Why Did God Give Contradictory Commandments?

The temple treats the Garden story as a universal story. Whatever the reason for that, you can make a good case that in some sense each of us has been in the Garden and fallen. In fact, as we’ve discussed here before, making the Garden story a universal story can make sense of the contradictory commandments God gave Adam and Eve.

In Institute we wondered why God would give contradictory commandments: Adam and Eve were told to multiply and replenish the earth, and they were told not to eat the fruit of the tree of knowledge of good and evil. These commandments, the scriptures plainly state, contradict each other. See 2 Nephi 2:22-23.

We discussed some good possibilities:
1) As the temple ceremony implies, perhaps God had prepared an alternative way to comply with both of the commandment. In that case, the real transgression of our first parents was that they hearkened to Satan and took matters into their own hands.

2) Since God can’t be the author of evil, Adam and Eve had to have violated a law so that God could permit the fall of the world as a just punishment. God therefore created conflicting commandments to ensure that they would violate a law he could punish them for. This makes God seems uncomfortably legalistic to the modern sensibility. But God being legalistic would explain a lot. And I think we hate legalism just because it leads to results that aren’t fair. God is wise and strong enough to be both legalistic and fair, which strikes me as a fuller kind of fairness.

3) Finally, the possibility I like, which is the symbolic one. Adam and Eve faced a genuine and inescapable dilemma, one that God himself couldn’t avoid and one, as the temple ceremony implies, that we each faced coming into life (and that we repeatedly face during this life). The dilemma that faced Adam and Eve was this. They could choose to progress (represented by the capacity for having children), or they could do nothing. Doing nothing is a sin. It is the essence of damnation. But, for all of us but Christ, choosing to progress (to make new covenants, to take new responsibilities, to learn new things) involves a surety of new sin. When we choose to progress, we therefore know that we are choosing a path that leads to sin. Choosing a path that leads to sin is itself a sin. Hence, the reality of Adam and Eve’s dilemma: neither choice was perfectly right. Each choice was an embrace of sin.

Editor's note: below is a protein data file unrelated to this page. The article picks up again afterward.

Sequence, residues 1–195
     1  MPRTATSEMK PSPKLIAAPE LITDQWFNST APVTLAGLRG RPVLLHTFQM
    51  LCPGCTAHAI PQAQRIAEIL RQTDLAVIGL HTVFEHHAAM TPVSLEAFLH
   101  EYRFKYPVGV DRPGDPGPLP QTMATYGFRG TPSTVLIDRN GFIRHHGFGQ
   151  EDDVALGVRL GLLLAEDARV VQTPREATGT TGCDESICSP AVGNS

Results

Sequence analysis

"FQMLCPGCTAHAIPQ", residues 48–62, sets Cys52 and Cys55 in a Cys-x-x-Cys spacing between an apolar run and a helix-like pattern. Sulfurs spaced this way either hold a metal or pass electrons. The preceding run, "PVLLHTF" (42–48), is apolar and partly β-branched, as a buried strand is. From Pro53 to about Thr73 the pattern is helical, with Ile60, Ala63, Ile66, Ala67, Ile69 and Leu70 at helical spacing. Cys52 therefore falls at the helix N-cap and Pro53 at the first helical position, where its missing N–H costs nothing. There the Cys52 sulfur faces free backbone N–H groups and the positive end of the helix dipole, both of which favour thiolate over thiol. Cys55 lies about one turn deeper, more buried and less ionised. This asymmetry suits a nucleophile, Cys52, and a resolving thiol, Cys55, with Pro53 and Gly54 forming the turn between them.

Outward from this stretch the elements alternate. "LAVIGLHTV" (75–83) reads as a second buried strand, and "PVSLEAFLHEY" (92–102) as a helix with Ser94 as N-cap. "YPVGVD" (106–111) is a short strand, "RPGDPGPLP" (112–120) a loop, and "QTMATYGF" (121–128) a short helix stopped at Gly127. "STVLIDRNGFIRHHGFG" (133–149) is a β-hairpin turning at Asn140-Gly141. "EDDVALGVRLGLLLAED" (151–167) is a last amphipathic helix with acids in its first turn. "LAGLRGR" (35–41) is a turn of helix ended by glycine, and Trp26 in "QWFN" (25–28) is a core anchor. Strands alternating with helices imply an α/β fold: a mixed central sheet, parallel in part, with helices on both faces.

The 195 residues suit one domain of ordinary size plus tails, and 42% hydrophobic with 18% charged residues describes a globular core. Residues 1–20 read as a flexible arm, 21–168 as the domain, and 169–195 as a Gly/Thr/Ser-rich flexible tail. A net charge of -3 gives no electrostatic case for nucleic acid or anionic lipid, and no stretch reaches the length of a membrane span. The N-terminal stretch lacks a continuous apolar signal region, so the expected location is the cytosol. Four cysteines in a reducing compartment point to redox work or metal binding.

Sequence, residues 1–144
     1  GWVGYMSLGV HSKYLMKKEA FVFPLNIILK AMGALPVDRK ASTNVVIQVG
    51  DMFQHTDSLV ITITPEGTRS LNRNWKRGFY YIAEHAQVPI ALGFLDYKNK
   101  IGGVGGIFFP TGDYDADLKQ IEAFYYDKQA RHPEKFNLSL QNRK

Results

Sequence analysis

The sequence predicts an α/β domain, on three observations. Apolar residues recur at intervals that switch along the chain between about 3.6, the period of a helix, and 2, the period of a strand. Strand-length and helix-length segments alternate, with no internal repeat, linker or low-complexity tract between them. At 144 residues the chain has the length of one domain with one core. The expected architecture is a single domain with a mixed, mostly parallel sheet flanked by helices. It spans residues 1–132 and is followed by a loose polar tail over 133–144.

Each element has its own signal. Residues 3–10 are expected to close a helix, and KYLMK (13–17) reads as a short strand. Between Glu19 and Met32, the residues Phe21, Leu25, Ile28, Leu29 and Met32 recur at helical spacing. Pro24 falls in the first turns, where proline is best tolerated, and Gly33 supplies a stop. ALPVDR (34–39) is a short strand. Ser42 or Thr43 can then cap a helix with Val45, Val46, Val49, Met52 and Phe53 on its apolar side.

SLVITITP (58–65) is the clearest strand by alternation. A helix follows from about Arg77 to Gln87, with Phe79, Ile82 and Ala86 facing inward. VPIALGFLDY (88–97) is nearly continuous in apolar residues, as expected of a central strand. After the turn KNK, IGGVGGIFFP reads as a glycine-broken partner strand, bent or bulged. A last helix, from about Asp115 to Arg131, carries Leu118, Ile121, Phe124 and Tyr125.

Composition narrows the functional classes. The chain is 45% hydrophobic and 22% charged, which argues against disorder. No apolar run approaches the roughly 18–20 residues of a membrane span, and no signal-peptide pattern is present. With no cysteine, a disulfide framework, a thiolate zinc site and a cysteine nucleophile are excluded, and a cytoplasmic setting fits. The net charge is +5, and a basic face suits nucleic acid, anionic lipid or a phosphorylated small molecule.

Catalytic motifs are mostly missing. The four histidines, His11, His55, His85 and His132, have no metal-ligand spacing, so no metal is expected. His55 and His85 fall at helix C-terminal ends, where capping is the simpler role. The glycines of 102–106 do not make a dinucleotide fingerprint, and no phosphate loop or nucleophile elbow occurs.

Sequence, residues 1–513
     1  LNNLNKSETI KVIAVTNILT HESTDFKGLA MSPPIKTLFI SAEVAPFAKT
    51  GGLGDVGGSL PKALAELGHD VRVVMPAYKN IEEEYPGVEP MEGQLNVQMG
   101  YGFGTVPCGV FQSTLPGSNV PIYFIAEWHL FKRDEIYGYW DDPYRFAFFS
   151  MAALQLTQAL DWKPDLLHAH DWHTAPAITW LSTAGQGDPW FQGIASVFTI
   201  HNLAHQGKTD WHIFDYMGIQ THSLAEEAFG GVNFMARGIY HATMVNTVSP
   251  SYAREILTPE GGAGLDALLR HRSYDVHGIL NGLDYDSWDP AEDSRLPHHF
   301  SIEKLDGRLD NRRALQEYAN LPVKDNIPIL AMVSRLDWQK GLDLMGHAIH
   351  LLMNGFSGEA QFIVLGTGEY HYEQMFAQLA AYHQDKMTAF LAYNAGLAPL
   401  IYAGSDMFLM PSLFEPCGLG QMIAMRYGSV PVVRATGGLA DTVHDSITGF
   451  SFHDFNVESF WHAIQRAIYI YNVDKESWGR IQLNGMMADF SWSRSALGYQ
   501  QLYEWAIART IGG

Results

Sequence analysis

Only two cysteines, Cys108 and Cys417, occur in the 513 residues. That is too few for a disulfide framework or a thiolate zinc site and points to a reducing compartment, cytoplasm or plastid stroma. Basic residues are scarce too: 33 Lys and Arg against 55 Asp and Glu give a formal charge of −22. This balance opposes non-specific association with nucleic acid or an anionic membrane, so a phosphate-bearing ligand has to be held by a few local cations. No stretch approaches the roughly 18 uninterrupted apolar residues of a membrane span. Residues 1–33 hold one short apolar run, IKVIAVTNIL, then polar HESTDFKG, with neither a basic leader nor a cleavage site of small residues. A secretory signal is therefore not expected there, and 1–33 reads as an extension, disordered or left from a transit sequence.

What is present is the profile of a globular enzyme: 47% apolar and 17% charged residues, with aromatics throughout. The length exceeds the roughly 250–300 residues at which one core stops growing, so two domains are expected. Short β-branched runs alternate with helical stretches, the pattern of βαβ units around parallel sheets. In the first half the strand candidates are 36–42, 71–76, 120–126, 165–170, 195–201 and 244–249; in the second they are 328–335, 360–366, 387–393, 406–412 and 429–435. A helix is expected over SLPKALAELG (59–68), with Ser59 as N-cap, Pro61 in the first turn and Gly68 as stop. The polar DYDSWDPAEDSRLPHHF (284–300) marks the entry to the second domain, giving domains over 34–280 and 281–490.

(Here we can also see why only Christ could redeem from the Fall: only he could choose progress and experience without thereby choosing sin)

For my friend Mike DeG’s sake, I should mention that all these possibilities are what we see through a glass darkly. They likely will vanish away in the light of the perfect day.

The original discussion from the archives is here.

22 comments for “Why Did God Give Contradictory Commandments?

  1. I always thought that they were supposed to eat the apple. Just not yet. I kinda supposed that was part of the plan. Kind of like we are commanded to be fruitful and multiply, but only within the bounds of a lawful wedding. Our teenagers can be fruitful and multiply if they want to be disobedient, but their parents want them to wait until the right time, place, person and under the right covenants. Just my two cents….

  2. Joseph Fielding Smith answered this question in one of the Gospel Questions books. I wish I had known about it earlier in my life because it had always been a source of confusion for me. They weren’t contradictory commandments and the explanation has been more or less given to us (by a prophet no less).

    He said that it wasn’t really sin to eat from the tree of knowledge and that the forbidding of them from eating it was different from any other commandment. God told them what would happen if they did eat and let them have the choice. They choose to separate themselves from God and become mortal to progress.

  3. I’m with the “Not Yet” idea. It’s really the only way in my mind that God could give seemingly contradictory commandments. God tells Adam and Eve that he’s going to spend some time teaching them. He says, “Don’t eat from that tree, it’ll kill you.” What he means is, “Eventually, you’re going to have to get mortal, but before that happens, it’ll be better for you to learn more.”